Max Graef

Max Graef

Hailing from Berlin, producer extraordinaire Max Graef is known for making vibrant and adventurous house music, but his latest release and first full length LP, Rivers of the Red Planet (ROTRP), is anything but another contemporary dance music album. Laden with trippy beats, jazzy melodies, and funky grooves, ROTRP will dazzle longtime fans with his fresh sound and impress newcomers with his beat dexterity. The album may sound pretty sampled (which is characteristic of previous Max Graef releases), but most of it is just Max showing off his adept production ability.

In this debut effort, Graef has managed to effortlessly blend the multicultural elements of every groove-based genre under the sun. Mainstays jazz, funk, IDM, and hip-hop all make an appearance, as well as soulful vibes from Nigerian vocalist Wayne Snow. There are even some flashes of brilliant acid techno on “Tamboule Fudgemunk” which will leave veteran fans of Max’s work feeling fired up and ready to dance. Then there’s the album’s runaway highlight, “Drums of Death,” which is a perfect fusion of wobbly funk ruptures and bright hi-hats that one would expect to hear at a swanky metropolitan jazz club. Following immediately after with “Vino Rosetto,” Graef turns this downtempo party into a full on IDM soirée with a warm analog bassline that bounces with unabashed bubbly vibes. Towards the end of the album, Graef slows things down on sex jam “Jane (Fur Hannah)” an RnB inspired groove that oozes bedtime beats and encourages scandalous behavior under the sheets!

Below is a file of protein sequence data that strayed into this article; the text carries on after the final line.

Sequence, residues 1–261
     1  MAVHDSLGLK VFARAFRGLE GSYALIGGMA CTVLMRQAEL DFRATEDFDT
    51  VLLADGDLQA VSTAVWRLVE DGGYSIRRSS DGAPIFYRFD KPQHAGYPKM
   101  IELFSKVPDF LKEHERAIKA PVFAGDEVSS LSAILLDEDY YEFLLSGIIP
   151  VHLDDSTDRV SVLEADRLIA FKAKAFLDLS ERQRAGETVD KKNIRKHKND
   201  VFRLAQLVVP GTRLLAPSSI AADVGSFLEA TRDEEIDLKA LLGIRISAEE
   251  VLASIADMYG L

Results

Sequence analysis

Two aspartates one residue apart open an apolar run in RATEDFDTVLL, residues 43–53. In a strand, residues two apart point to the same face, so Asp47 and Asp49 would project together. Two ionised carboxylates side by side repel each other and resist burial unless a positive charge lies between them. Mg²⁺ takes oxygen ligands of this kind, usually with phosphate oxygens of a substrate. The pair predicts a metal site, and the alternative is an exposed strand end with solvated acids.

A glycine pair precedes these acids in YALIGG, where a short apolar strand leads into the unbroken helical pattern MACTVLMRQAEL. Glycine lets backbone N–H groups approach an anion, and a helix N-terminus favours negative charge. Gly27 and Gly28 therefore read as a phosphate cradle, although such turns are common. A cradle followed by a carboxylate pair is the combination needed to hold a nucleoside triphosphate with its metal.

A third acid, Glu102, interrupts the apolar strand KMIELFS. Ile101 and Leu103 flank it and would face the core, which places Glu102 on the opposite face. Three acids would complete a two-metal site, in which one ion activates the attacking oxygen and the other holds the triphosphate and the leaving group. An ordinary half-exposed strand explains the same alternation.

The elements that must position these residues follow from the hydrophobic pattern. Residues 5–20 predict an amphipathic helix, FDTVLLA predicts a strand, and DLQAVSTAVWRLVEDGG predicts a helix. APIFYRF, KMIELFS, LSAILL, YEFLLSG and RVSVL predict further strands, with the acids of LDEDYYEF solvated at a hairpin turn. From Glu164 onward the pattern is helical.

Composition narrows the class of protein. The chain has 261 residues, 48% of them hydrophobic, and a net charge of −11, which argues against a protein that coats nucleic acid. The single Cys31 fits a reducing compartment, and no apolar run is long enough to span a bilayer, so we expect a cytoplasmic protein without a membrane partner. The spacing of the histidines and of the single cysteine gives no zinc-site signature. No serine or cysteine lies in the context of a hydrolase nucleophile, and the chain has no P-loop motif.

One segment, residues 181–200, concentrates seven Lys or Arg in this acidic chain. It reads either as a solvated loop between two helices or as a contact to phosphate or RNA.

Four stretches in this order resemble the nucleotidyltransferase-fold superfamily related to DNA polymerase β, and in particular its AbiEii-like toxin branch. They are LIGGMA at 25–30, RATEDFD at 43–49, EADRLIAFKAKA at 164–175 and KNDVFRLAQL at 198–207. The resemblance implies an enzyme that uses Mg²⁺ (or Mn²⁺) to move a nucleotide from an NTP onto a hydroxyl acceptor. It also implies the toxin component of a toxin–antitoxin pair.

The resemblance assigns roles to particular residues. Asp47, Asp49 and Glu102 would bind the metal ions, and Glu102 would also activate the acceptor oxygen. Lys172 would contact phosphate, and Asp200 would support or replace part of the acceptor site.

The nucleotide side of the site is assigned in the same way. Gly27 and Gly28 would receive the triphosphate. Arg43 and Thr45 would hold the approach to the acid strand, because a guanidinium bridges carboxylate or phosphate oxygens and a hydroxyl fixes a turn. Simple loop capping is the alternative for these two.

From the opening jazzy jams of “Itzhoe” to the mysterious & punchy trip-hop rhythms on “Quackeljochen,” there’s a little bit of something for everyone on this melting pot of an album. Too technically proficient to be produced decades ago, yet still rich in sounds inspired from old records, ROTRP is a highly enjoyable listening album that will inspire all generations to reconsider the whole music genre classification thing. Who needs it anyways? If the music is good, it speaks for itself.
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